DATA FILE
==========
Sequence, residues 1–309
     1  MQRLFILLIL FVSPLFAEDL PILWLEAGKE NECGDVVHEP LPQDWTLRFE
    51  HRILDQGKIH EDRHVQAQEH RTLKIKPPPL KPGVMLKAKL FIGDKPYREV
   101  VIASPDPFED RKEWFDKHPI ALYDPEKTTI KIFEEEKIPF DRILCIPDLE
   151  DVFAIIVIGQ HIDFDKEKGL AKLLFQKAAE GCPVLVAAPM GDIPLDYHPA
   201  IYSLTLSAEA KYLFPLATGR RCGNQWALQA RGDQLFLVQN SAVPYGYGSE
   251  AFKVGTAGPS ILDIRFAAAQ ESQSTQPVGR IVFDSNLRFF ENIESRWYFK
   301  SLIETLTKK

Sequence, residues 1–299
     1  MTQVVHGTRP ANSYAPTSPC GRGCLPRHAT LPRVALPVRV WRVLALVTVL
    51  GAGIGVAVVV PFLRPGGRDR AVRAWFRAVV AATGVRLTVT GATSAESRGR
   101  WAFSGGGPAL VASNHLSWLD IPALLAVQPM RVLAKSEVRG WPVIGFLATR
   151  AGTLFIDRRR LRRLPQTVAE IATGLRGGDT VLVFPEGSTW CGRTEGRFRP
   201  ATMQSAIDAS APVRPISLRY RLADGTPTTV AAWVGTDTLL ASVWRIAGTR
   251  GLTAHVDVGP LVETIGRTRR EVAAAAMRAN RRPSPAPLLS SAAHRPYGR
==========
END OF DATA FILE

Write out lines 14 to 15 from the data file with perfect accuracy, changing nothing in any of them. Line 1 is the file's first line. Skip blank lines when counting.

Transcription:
   201  ATMQSAIDAS APVRPISLRY RLADGTPTTV AAWVGTDTLL ASVWRIAGTR
   251  GLTAHVDVGP LVETIGRTRR EVAAAAMRAN RRPSPAPLLS SAAHRPYGR